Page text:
Research aimed to assess the feasibility, benefit, and safety of awake brain surgery (ABS) and intraoperative language mapping in children and adolescents with structural epilepsy. While ABS is a well-established approach for monitoring language function in adults during surgery, reports of ABS in children are sparse. Between 2008 and 2019, a retrospective case study of juvenile patients 18 years of age who underwent ABS and cortical language mapping for supratentorial tumors and non-tumoral epileptogenic lesions was performed. The authors used extensive neuropsychological testing to assess the patient’s general intellectual and specific language performance, intraoperative compliance, intraoperative language mapping results supported by electrocorticography (ECoG), and postsurgical language development and seizure outcomes. For this investigation, descriptive statistics were utilized, with a statistical significance of p<0.05.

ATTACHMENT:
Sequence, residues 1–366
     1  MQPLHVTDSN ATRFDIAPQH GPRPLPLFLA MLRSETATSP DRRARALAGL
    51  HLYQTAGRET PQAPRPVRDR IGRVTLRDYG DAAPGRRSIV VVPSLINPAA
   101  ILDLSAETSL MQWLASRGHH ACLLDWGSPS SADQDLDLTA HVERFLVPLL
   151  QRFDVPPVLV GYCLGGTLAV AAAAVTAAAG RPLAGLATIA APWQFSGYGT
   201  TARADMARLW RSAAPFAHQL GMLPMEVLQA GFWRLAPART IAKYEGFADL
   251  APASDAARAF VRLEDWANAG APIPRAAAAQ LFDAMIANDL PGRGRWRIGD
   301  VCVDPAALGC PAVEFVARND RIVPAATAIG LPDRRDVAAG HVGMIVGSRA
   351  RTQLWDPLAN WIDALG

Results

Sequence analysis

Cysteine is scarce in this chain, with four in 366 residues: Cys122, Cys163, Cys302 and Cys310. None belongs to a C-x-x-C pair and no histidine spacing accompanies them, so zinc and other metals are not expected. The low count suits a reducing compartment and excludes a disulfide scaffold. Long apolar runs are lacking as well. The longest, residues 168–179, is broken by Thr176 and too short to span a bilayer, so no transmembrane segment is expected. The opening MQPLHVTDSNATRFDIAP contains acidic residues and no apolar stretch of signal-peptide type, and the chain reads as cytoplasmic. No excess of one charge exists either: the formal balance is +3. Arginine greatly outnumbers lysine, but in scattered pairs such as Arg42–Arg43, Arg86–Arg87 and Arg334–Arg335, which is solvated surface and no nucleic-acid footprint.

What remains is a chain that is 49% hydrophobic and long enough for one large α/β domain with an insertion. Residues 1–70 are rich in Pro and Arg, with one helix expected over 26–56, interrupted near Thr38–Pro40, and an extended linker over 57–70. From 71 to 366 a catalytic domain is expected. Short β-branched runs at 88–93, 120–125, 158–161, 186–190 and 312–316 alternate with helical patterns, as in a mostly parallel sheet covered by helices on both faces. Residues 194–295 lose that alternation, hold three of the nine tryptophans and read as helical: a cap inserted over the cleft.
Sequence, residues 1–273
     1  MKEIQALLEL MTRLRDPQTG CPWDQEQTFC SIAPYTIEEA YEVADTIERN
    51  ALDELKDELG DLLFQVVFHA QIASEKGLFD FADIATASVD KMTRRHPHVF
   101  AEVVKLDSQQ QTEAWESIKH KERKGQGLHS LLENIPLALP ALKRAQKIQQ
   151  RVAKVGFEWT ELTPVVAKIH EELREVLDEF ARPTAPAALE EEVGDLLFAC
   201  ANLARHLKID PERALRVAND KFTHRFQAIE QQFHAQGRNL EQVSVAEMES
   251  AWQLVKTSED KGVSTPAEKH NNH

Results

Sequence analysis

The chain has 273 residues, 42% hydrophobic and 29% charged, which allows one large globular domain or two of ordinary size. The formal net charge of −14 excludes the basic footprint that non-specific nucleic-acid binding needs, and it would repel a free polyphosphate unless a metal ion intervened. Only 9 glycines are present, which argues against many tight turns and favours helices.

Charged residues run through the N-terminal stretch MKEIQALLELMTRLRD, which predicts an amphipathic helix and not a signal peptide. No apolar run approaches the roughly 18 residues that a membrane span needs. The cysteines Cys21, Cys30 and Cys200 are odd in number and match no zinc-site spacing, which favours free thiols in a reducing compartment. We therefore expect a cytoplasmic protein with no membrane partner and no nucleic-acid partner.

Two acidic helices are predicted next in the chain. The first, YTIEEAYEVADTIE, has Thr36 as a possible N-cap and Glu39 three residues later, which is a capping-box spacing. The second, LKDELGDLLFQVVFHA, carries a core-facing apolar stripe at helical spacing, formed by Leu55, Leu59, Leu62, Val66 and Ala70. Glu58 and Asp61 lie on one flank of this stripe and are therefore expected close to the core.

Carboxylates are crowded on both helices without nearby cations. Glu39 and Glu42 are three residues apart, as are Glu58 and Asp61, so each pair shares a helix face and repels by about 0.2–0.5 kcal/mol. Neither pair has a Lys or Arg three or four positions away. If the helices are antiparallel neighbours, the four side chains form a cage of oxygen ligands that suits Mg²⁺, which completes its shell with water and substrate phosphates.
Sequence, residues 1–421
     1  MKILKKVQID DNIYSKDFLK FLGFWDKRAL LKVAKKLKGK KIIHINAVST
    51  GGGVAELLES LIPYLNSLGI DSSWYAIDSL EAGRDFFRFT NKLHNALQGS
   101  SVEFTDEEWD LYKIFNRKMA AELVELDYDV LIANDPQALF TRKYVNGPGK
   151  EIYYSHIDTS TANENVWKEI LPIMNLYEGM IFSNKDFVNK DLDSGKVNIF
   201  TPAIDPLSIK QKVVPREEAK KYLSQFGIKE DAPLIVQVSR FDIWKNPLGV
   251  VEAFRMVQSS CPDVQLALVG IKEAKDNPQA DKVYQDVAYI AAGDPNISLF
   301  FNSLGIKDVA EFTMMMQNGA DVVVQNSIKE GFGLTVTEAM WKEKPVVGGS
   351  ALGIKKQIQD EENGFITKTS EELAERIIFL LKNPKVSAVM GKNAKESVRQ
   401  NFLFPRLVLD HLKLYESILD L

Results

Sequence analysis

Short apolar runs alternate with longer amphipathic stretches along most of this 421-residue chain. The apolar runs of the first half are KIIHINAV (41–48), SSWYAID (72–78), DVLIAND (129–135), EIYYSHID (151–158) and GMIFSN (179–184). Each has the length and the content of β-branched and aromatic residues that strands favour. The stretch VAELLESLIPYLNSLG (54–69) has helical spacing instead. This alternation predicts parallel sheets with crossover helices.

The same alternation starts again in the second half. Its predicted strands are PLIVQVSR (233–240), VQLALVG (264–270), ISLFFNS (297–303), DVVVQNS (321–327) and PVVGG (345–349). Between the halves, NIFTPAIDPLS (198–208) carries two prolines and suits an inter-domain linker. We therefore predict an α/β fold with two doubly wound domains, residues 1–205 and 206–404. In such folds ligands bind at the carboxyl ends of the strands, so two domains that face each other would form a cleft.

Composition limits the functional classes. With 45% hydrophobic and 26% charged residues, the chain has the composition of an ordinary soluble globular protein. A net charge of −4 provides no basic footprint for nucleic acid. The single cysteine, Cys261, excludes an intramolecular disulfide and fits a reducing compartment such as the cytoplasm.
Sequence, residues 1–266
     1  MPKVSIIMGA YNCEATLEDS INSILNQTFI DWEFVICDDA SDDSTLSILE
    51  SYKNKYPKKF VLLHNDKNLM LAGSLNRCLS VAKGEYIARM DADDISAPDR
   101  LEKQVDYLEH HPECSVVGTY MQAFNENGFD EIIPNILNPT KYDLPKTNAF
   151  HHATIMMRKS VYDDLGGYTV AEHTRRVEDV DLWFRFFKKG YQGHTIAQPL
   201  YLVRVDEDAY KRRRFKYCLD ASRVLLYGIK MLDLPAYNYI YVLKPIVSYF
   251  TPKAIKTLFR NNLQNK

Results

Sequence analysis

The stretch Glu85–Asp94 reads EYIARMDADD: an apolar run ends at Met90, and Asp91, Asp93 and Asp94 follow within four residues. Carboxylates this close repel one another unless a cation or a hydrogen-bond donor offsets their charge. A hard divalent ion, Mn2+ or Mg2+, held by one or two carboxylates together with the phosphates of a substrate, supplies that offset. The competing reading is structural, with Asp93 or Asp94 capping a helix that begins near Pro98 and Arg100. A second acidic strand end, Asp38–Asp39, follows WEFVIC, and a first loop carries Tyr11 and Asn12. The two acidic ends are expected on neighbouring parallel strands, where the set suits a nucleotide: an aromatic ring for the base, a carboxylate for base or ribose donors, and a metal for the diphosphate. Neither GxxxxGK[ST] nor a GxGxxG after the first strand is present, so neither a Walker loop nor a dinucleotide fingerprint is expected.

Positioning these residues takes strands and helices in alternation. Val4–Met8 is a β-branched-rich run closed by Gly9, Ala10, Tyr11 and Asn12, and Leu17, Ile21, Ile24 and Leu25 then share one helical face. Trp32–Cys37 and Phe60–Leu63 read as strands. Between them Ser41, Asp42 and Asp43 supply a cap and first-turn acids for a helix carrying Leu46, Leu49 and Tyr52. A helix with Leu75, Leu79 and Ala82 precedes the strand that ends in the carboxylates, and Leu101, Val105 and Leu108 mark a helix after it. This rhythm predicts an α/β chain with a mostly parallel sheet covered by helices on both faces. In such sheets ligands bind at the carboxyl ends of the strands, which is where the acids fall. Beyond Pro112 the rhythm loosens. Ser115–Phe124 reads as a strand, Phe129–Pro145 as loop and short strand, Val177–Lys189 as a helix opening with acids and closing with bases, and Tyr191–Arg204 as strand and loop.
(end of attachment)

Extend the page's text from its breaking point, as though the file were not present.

Eleven children, seven males, with a median age of 13 years (range 10–18 years), received ABS for a lesion near cortical language areas as identified by structural and functional MRI (left hemisphere in 9 children, right hemisphere in 2). Patients were neurologically intact but enduring seizures, which were resistant to treatment in 9 of them. During the awake phase, compliance was great in ten patients and low in one. When compared to preoperative functional MRI, cortical mapping found eloquent language regions in 6/10 (60%) patients, was concordant in 3/8 (37.5%), discordant in 3/8 (37.5%), and uncertain in 2/8 (25%) patients. Stimulation-induced seizures occurred in two patients and were easily stopped. ECoG demonstrated that 5/9 (56%) of patients with speech problems after the stimulation had after-discharge potentials (ADP). There was no postoperative language impairment in any of these patients. Researchers completed Gross-total resection in 10/11 (91 %) patients, and all were seizure-free after a median of 4.3 years of follow-up. Neuropsychological assessment using the Wechsler Intelligence Scale for Children and the verbal learning and memory test revealed an overall nonsignificant trend toward immediate postoperative impairment followed by recovery to preoperative levels after 1 year. ABS is a helpful technique in selected pediatric patients with language-related lesions. A successful operation requires an interdisciplinary approach, careful patient selection, comprehensive preoperative patient teaching, and interpretation of intraoperative ADP.